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Borrowing for Your Oregon Tech Education

Investing in Your Greatest Asset: YOU!


Is It Worth It?

Weighing whether or not you can or should borrow student or parent loans to help pay for your Oregon Tech degree? We agree with the experts that the payback from a college degree makes repaying student loans manageable UNLESS you:
  1. Don't finish your degree; or
  2. Borrow much higher than average amounts and are in a career field that pays less than average amounts.

College graduates with bachelor's degrees or higher have lifetime earnings that are significantly higher than those with only some college or with a high school diploma.

Cohort Default Rate (CDR)

(CDRs) measure the share of their federal student loan borrowers who default within a specified period of time after entering repayment. Oregon Tech consistently has a small percentage of students who default on their student loans. 

The latest CDR is for 2020 and is 0%.


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But How Much Should I Borrow? What's Safe?

Some students and parents are concerned about borrowing to pay for college. At Oregon Tech we agree that you should carefully consider if you need to borrow, and how much you should borrow to ensure that you can cover college costs and complete your degree.

A typical purchase for many recent college graduates is a car to use for commuting to work and personal activities. Most people take out a car loan for some or all of the costs of a new vehicle, which typically means borrowing $20,000- 25,000 over a period of about 5 years, and keeping the car for about 10 years. So not counting interest or other car expenses, that's about $2,000 a year if you keep it 10 years.

Borrowing for college is similar to borrowing for a car: it's an important “purchase” that you need in order to get the job you want, and position yourself for future career and personal success. Borrowing can be a positive experience that provides you what you need – a degree – and has a long-term benefit for the rest of your life. For students at Oregon Tech, the average amount borrowed is $27,300. If your career lasts 40 years, that's about $680 a year, which is much cheaper than the car loan; and your degree will continue to appreciate in value, not depreciate, over your life time.

Borrowing Rule of Thumb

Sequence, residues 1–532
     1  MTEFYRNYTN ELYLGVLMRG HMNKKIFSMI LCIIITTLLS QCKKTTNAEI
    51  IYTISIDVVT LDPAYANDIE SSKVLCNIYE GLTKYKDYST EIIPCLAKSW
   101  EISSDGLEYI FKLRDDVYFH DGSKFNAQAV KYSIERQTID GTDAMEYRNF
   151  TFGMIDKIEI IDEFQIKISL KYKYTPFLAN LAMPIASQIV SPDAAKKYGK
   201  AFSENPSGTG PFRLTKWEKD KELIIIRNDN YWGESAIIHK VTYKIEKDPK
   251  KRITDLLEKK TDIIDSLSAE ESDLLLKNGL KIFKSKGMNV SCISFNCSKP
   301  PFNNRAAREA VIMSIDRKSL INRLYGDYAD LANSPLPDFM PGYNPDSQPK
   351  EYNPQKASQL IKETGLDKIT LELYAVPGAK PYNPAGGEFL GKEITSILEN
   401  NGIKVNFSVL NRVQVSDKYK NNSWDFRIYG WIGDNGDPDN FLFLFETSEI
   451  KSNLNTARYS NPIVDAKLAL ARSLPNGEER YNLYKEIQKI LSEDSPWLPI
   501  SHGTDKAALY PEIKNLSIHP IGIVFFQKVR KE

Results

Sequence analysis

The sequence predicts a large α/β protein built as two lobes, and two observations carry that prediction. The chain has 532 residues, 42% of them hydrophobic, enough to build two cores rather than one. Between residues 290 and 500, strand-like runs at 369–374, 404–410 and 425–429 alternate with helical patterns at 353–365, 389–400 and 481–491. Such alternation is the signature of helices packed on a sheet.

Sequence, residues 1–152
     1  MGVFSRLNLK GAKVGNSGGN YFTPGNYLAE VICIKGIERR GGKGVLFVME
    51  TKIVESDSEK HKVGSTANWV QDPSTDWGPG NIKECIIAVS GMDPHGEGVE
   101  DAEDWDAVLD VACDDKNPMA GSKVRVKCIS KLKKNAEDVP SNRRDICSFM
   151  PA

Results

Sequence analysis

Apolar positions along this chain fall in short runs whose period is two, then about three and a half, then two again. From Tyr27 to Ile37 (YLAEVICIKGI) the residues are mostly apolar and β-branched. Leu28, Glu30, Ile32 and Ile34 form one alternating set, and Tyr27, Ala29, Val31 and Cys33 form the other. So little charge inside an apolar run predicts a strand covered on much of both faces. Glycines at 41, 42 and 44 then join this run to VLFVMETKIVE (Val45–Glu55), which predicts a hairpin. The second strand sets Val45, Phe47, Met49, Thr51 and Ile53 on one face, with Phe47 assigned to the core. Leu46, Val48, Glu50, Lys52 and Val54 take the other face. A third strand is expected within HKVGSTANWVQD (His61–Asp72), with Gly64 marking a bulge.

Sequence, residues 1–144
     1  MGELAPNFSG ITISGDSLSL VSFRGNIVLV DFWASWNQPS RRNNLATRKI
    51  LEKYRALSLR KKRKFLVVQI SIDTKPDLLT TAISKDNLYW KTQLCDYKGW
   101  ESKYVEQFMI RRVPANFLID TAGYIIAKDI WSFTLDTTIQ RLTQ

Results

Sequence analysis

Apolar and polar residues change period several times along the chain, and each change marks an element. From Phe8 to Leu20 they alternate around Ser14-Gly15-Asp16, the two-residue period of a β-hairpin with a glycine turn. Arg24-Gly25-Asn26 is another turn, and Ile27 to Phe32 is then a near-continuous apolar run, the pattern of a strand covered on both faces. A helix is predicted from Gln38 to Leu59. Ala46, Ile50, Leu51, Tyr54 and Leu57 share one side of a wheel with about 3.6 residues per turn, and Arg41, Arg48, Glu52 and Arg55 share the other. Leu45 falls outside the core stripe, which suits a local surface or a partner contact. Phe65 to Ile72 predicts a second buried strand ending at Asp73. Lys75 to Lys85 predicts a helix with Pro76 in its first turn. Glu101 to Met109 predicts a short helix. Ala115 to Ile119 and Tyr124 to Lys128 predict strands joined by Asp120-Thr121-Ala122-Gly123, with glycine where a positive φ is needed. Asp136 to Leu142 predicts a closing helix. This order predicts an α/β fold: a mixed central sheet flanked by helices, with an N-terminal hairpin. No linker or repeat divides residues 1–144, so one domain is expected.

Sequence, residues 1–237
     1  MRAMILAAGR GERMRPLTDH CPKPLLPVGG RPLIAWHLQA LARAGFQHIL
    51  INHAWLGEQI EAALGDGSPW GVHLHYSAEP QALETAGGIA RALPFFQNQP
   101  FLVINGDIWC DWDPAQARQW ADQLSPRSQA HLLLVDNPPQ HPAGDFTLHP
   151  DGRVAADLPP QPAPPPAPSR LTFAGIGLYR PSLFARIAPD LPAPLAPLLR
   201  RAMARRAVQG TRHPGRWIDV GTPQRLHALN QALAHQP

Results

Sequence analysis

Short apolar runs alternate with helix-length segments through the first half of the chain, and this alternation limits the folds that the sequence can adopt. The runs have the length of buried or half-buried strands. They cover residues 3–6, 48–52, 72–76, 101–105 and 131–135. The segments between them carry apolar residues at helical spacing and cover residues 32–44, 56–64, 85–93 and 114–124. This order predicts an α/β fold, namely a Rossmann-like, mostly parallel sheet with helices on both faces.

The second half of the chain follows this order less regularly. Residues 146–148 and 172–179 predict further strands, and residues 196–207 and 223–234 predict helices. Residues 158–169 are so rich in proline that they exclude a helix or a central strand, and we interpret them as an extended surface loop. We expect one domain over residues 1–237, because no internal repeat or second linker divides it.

To make sure that you don't over borrow, remember this general rule:

Don't borrow more during your whole time in college than what your starting salary will be when you graduate.

So if you are an engineering major and average starting salaries are $55,000, keep your borrowing below $55,000 and you should be able to manage repayment and also make other typical consumer purchases of new graduates. But if you borrowed $40,000 and you make $25,000 a year starting salary, repaying your loans will be more challenging in the early years and may curtail other purchases or life choices.

College Pays and Borrowing Pays Off

On average, unemployment rates are about half for college grads of what they are for those without a degree; and earnings are significantly higher the more education that you have.

College graduates also gain other value from their higher education1:
  • As workers get older, their earnings rise faster for those who have higher levels of education. So while college grads earnings continue to grow over time, those without a degree see slower growth and more stagnation.
  • College graduates are more likely to have a pension plan and employer-provided health insurance than those without a degree. That provides a lifetime of financial stability.

Keep in Mind: How Loan Interest Impacts your Repayment

Remember that interest costs increase the amount you will repay on your student or parent loans. If you borrow $20,000 and repay over the standard 10-year period, you will actually have to repay about $27,600 in total, with a monthly payment of about $230. has repayment and other calculators that can help you determine your own costs monthly and over time.

Financial Aid Office

College Union, 1st floor